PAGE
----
North Korea installing loudspeakers on border – Seoul

By Russia Today | Created at 2024-06-11 12:40:40 | Updated at 2024-06-17 02:12:34 5 days ago


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The move is believed to be a tit-for-tat response by Pyongyang to propaganda broadcasts from the South

South Korea’s military said on Monday that Pyongyang appears to be setting up loudspeakers along the border in preparation for a tit-for-tat response to broadcasts by Seoul, the Associated Press (AP) news agency has reported. On Sunday, the South played a two-hour long anti-Pyongyang propaganda broadcast into the North for the first time in six years.

South Korea’s Joint Chiefs of Staff (JCS) didn’t elaborate on the number of suspected North Korean speakers or where exactly along the border they were being installed, AP noted.

“We have identified signs of North Korea setting up loudspeakers in the border areas. So far, no broadcast has played out from the loudspeakers yet, and we are closely monitoring further developments and military readiness,” the JCS said, as quoted by the Asia News Network.

Seoul also said that some North Korean soldiers who were engaged in unspecified work on the northern side of the border had crossed the military demarcation line between the two countries. The South Korean military fired warning shots, and the North’s soldiers immediately returned to their territory, according to AP. Most of the North Korean soldiers were reportedly carrying pickaxes and other construction tools.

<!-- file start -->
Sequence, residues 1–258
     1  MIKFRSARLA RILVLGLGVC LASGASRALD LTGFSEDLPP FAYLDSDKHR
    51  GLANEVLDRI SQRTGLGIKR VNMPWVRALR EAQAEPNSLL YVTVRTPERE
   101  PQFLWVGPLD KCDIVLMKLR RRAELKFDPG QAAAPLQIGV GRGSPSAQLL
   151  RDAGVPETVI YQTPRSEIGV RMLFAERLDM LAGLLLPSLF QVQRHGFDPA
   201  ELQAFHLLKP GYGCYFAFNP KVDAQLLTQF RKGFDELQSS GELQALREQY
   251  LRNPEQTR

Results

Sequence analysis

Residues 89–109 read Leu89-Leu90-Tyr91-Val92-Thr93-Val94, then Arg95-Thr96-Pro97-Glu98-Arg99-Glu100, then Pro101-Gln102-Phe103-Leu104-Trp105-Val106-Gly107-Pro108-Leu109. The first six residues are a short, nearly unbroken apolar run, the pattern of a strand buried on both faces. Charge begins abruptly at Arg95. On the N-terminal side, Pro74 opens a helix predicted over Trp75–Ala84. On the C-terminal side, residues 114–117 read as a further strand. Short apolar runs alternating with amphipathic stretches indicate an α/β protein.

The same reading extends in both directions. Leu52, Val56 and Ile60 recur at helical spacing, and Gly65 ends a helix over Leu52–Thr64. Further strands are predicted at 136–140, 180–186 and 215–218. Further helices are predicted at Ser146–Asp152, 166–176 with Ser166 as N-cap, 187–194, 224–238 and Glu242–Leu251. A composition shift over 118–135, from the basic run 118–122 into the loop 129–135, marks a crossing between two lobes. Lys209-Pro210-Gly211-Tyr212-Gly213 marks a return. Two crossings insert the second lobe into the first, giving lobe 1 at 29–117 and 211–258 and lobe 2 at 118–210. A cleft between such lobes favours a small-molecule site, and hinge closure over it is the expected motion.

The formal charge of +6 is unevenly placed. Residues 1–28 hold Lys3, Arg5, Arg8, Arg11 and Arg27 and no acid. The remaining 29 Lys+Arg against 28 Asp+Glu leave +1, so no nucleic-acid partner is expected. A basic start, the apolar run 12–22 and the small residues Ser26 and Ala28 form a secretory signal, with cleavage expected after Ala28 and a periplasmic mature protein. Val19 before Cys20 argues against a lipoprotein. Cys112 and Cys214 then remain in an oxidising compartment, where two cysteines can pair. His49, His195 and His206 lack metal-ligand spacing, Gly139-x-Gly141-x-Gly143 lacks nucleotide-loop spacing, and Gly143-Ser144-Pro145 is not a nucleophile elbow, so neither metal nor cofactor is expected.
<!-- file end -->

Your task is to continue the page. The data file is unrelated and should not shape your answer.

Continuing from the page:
South Korea’s broadcast into the North on Sunday reportedly included news, criticism of the government in Pyongyang, and South Korean pop music. It was the first such broadcast since 2018 when South Korea withdrew loudspeakers from the border during a brief period of engagement with the North under Seoul’s previous government.

The latest escalation follows a balloon campaign by both nations. North Korea has launched hundreds of balloons carrying trash and manure into the South since May, in response to South Korean activists floating their own balloons to scatter propaganda leaflets in the North. Pyongyang has since pledged to stop airlifting trash into the South.

Earlier this month, South Korea’s National Security Council (NSC) decided to suspend the 2018 inter-Korean tension reduction pact “until trust is restored” between the two Koreas. The agreement was aimed at defusing tension and avoiding war on the peninsula.

The measure will enable military training near the demarcation line, which had been restricted by the agreement, the NSC said.

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